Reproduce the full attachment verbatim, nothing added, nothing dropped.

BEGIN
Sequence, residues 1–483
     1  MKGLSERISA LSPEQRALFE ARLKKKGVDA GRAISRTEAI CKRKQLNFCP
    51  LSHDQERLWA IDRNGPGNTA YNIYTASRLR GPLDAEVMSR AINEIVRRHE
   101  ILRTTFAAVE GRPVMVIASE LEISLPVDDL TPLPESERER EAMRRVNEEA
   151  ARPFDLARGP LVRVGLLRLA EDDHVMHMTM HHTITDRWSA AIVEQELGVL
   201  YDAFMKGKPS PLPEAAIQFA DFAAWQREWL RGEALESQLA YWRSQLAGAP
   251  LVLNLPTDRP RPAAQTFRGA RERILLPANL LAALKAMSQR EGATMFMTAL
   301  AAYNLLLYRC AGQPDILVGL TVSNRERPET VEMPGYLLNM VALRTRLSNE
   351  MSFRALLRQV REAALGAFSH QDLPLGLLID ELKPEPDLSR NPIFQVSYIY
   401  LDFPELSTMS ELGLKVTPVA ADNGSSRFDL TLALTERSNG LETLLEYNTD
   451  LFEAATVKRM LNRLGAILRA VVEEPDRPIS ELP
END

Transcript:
Sequence, residues 1–483
     1  MKGLSERISA LSPEQRALFE ARLKKKGVDA GRAISRTEAI CKRKQLNFCP
    51  LSHDQERLWA IDRNGPGNTA YNIYTASRLR GPLDAEVMSR AINEIVRRHE
   101  ILRTTFAAVE GRPVMVIASE LEISLPVDDL TPLPESERER EAMRRVNEEA
   151  ARPFDLARGP LVRVGLLRLA EDDHVMHMTM HHTITDRWSA AIVEQELGVL
   201  YDAFMKGKPS PLPEAAIQFA DFAAWQREWL RGEALESQLA YWRSQLAGAP
   251  LVLNLPTDRP RPAAQTFRGA RERILLPANL LAALKAMSQR EGATMFMTAL
   301  AAYNLLLYRC AGQPDILVGL TVSNRERPET VEMPGYLLNM VALRTRLSNE
   351  MSFRALLRQV REAALGAFSH QDLPLGLLID ELKPEPDLSR NPIFQVSYIY
   401  LDFPELSTMS ELGLKVTPVA ADNGSSRFDL TLALTERSNG LETLLEYNTD
   451  LFEAATVKRM LNRLGAILRA VVEEPDRPIS ELP